Summers stoically accepts his infirmity, constantly dropping his head so his eyes are hidden from sight under his hat as if his ailment could be easily detected, mourning the loss of his Native American wife, and while full of Western lore as easily passing on gentle wisdom about love, and his “lucky necklace” to an unrequited lover, but still accused of unworldliness, “for a smart man you ain’t got a lick of sense.” Evans bristles at any authority, believing independence means he goes his own way, especially if that permits the freedom to get drunk at a time of his choosing, and especially once he realizes such lack of inhibition riles the repressed Tadlock. But his fondness for alcohol triggers an incident that almost costs his son his life.
Celebrations he started catch the attention of the nearby Sioux and in the communal drunkenness a Native American child is accidentally killed. In the best scene in the film battle Sioux seeking justice and intent on attack are thwarted only by the “sacrifice” of the killer.
The picture is packed full of incident, many characters coming alive in a single shot or with one line of dialogue. A woman tramps on her husband’s foot to prevent him challenging Tadlock’s authority. A woman with a baby retorts that she is afraid when bolder settlers facing potential Native American attack assert the opposite. The bravest man in the camp, the first volunteer to be lowered down a canyon, dies when his rope snaps.
There are any number of reversals. Buffalo, instead of being a danger and prone to stampede, create a dust cloud to hide behind. Rivers are crossed at sensible points, rapids avoided. An African-American whips a white man. A boy becomes a man through honor rather than violence. Stories, large and small, play out in a succinct script.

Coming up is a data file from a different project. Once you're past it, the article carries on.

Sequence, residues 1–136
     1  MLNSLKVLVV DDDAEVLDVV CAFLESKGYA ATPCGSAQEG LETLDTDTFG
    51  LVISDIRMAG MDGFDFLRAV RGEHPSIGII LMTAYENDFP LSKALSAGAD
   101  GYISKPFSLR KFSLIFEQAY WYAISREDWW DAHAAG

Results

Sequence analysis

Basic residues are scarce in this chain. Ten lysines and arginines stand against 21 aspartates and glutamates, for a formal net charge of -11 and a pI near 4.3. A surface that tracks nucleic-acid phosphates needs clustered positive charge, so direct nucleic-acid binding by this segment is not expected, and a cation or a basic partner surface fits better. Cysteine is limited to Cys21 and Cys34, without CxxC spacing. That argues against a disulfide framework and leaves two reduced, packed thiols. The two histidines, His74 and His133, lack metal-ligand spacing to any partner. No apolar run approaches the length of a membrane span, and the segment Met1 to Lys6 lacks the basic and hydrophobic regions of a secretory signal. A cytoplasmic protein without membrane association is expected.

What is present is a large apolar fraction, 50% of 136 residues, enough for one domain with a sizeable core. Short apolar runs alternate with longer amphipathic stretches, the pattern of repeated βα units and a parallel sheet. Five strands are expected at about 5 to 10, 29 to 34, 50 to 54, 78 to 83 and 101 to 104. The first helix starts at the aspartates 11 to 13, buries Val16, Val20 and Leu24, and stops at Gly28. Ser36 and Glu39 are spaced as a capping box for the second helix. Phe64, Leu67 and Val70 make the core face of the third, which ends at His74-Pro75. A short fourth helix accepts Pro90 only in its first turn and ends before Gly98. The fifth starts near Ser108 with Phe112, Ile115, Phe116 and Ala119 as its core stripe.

Kirk Douglas (The Arrangement, 1969) is superb as a man whose iron core deserts him. Robert Mitchum (Secret Ceremony, 1968), in almost a supporting role, excellent in full awareness that the sight on which his reputation and job depend will vanish, brings a subtlety to his performance that would be recognized as ideal for Ryan’s Daughter (1970). Richard Widmark (The Bedford Incident, 1965), who is generally simmering, gets to mix in a bit of fun in with the simmering.
Lola Albright (A Cold Wind in August, 1961) swaps seductiveness for sense. In her debut Sally Field (Smokey and the Bandit, 1977), filled with zip and zest, sparkles as the lusty young woman and it’s astonishing to realize she would not make another movie for nearly a decade while another debutante Katherine Justice (Five Card Stud, 1968) finds her inner fire when it’s too late. There’s supporting talent a plenty – Jack Elam (Once Upon a Time in the West, 1968), Stubby Kaye (Cat Ballou, 1965), Harry Carey Jr. (The Undefeated, 1969) and William Lundigan (The Underwater City, 1962) in only his second film of the decade.
Director Andrew V. McLaglen (The Rare Breed, 1966) captures the correct tone for the film, making up for the essential slow pace with brilliant use of widescreen, coaxing great performances from all concerned. Screenwriters Ben Maddow (The Chairman, 1969) and Mitch Lindemann (The Careless Years, 1957) compress Guthrie’s tome with considerable skill.
Woefully underrated at the time and since, this deserves reassessment. This is a truer version of how the west was won. And I surely can’t be alone in demanding that McLaglen’s talent be more properly recognized.